Republicans, Democrats, and Helium
I watch a lot of cable news, which often prompts my kids to ask me some version of: what’s the difference between a Republican and a Democrat? It should be an easy question to answer. I’ve taught political science classes at NYU. I have a bunch of degrees. I’ve published articles that might lead one to believe I should know how to answer this question. But I usually begin my answer with stammering, followed by equivocation, and finally I meekly land on, “Democrats usually support more government involvement in the economy and Republicans less.”
But that answer kind of sucks.
First off, from the standpoint of a kid, my definition is sort of useless—like describing helium as an inert gaseous element, rather than describing it as the stuff inside a balloon that is lighter than air so it makes the balloon fly. My Republican/Democrat definition is formal, top-down, and macro, when it should probably be utilitarian, bottom-up, and micro. I say this as a father of six children—the youngest a toddler and the oldest a newly minted teen—and as someone who spent much of the last decade working on digital curriculums and public interest projects for kids of all ages. Kids want to understand how things work and they want concrete examples. They want to know how the stuff inside the balloon makes the balloon fly.
We can help kids grasp larger concepts like politics or party affiliation through bite-sized pieces of information and examples. It would probably be better to say something like, “Republicans and Democrats have different ideas about how to spend money that we all own—like if we had a family bank account and we all got to vote on what we spend our money on. President Trump, a type of Republican, would rather increase the amount of money that goes to the military and reduce the amount that tries to protect the environment or goes to the poor.”
I can hear some Republicans saying, well that’s not an entirely fair representation of Trump or Republicans and I would agree. There are two basic problems we confront when we try to define a concept that is deeply connected to values. First, when we make a generalization or put forth an abstract model of human values, we are purposefully leaving out a lot of details, and those details may be very important to proponents of a particular view. Second, human beings are often limited, very limited, in their ability to distinguish between empirical facts (what is) and normative arguments (what ought to be), and this is especially so in the realm of politics.
To be completely transparent, my main interest in writing this piece is not child-appropriate definitions of Republicans and Democrats. Truth be told, my kids probably don’t even care about the differences between Republicans and Democrats—they’re probably just trying to distract me so they can steal the remote from the news-obsessed guy hogging the TV. My main reason for writing about definitions of Republicans, Democrats, and helium is that I’m concerned that vast majorities of thoughtful Americans have lost their ability to discuss politics rationally.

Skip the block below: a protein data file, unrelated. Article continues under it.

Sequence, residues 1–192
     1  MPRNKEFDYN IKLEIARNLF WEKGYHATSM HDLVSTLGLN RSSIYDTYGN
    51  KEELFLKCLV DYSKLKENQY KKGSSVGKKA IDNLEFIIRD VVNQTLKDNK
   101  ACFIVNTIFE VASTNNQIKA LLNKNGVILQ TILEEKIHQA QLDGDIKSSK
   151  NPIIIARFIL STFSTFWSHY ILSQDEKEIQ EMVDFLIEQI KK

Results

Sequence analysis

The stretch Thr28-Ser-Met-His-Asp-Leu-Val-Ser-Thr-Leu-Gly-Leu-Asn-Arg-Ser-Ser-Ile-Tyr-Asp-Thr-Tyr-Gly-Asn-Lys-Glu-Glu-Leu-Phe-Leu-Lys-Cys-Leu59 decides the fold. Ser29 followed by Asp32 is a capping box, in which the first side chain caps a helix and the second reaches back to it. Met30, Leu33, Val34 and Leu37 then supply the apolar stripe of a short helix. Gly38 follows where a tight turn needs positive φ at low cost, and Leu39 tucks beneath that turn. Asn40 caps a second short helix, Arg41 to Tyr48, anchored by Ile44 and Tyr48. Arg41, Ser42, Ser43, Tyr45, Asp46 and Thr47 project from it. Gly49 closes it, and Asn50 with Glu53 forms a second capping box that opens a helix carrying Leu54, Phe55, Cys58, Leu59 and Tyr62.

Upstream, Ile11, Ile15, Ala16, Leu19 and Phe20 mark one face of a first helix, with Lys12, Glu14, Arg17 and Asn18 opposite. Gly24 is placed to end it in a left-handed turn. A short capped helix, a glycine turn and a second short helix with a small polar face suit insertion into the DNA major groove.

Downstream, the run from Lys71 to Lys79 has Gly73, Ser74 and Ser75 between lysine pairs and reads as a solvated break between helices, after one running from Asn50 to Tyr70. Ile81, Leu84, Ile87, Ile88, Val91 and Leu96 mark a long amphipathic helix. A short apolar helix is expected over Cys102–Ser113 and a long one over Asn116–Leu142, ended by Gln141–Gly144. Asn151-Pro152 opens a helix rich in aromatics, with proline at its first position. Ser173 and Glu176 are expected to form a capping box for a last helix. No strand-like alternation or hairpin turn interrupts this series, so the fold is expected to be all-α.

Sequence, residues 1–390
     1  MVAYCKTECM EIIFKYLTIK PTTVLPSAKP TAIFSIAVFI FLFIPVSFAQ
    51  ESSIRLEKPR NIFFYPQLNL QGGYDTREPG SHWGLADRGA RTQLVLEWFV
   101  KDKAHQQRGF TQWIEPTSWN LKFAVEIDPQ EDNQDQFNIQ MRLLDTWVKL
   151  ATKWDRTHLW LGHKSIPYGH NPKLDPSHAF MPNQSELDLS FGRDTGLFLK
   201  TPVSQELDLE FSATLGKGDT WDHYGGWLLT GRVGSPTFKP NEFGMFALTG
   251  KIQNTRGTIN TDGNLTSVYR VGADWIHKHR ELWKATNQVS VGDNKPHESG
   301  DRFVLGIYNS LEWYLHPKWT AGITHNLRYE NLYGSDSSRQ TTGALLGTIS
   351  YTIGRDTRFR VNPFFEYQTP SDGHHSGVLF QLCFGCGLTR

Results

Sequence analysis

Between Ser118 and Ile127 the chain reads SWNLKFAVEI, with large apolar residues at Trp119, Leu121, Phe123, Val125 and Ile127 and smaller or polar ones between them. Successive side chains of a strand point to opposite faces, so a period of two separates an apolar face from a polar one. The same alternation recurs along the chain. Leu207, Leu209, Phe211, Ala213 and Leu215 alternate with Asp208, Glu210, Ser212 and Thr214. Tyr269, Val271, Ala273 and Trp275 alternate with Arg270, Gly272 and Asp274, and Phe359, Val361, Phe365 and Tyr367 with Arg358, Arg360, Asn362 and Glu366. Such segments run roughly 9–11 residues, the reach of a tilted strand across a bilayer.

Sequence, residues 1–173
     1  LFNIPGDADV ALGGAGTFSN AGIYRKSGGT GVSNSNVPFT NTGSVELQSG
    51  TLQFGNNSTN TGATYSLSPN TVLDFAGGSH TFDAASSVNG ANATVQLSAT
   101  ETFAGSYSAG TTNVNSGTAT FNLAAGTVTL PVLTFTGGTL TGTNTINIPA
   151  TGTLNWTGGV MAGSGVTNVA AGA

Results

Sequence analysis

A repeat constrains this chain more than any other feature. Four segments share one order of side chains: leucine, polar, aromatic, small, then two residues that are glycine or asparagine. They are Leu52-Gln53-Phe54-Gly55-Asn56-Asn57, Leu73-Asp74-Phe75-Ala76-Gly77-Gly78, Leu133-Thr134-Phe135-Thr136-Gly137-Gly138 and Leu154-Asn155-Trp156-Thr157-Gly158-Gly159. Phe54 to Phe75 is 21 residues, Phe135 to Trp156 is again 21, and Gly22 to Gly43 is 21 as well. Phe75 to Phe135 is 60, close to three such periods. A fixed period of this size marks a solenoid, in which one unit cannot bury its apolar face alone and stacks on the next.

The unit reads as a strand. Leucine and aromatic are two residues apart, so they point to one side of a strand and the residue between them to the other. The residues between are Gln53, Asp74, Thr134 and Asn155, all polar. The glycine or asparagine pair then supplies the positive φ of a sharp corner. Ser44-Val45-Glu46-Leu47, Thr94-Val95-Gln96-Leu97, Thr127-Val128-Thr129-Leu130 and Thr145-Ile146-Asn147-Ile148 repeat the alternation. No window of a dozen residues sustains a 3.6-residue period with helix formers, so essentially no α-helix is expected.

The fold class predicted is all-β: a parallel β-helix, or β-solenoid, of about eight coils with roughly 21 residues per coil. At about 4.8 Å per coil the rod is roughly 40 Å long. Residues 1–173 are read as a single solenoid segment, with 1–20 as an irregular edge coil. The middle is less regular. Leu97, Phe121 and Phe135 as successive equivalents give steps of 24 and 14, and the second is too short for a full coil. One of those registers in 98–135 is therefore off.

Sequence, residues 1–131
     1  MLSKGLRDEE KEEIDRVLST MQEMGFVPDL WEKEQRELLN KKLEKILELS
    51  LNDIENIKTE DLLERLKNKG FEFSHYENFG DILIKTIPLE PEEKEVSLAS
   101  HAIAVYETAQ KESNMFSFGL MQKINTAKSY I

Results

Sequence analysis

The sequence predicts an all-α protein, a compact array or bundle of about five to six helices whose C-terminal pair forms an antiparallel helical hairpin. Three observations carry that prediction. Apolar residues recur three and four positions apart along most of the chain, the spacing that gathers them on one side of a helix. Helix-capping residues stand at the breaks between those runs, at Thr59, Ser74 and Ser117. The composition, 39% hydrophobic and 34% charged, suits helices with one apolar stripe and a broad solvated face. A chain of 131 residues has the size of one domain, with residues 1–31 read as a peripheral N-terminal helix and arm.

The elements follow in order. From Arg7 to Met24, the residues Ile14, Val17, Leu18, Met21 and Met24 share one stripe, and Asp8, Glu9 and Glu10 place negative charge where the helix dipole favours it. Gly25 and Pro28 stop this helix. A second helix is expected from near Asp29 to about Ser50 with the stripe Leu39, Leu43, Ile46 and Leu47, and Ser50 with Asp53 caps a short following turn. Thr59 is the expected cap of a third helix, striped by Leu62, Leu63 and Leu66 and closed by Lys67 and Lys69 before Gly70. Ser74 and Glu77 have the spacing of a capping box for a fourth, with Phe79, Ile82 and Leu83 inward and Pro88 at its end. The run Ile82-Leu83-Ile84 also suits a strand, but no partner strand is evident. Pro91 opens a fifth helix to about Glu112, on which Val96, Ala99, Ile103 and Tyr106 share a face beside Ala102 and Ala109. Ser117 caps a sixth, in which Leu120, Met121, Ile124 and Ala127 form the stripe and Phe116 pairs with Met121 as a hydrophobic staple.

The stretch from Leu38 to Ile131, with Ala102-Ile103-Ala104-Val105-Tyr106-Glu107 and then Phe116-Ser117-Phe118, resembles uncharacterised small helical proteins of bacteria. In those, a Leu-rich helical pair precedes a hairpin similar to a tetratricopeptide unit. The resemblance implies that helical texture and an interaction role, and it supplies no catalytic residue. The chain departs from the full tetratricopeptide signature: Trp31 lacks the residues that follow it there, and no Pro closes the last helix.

Some of the problem lies in the capacity of smart, passionate, and patriotic individuals to distinguish between the empirical (facts) and the normative (beliefs about what values are important). When I watch Fox, and to a lesser extent MSNBC—yes, I’m a liberal and this may reflect my own bias—I get the sense that many of the talking heads begin with their normative position and then marshal arguments to support their claim. The problem with this type of reasoning is that it assumes the conclusion, and then proceeds to bury any facts that might get in the way. This is poison to a healthy political process.
I recognize that we live in a political system that embraces the basic liberal (libertarian) concept of a marketplace of ideas, one in which interested parties promote their ideas in the public space, and fingers crossed, the best arguments rise to the top. But we can look at any number of issues and see politicians—as well as the press, teachers, clergy, parents, and others we trust—concocting, twisting, and sometimes plain-old ignoring empirical facts just so they can prop up their own normative arguments.
Global warming is a good example. If I were advising a pro-business Republican skeptical of sweeping government regulations designed to combat global warming, I might suggest saying something like this: “It seems that the scientific community has reached a consensus that global warming is caused by humans and its effects may be significant [empirical facts], but now we need to have a long and difficult discussion about the financial sacrifices that are being required of businesses and the consequences for every American [framing a normative argument].” I think I know where liberal Democrats like me would land after this debate—and it probably wouldn’t be on the side of business—but at the very least that pro-business Republican would have framed the argument in a way that is relatively open, honest, and helpful in moving political dialogue forward.
How we discuss political issues, frame arguments, and marshal evidence matters greatly, especially in today’s balkanized political environment and siloed echo chambers. We need to show humility when it comes to our normative positions and fervor when it comes to ferreting out the facts.
So the next time I’m watching the news and my kids ask me the difference between Republicans and Democrats, I will give them some concrete examples, and in my own typically inarticulate way, try to explain the differences between empirical facts and normative arguments. Then I’ll quickly hide the remote.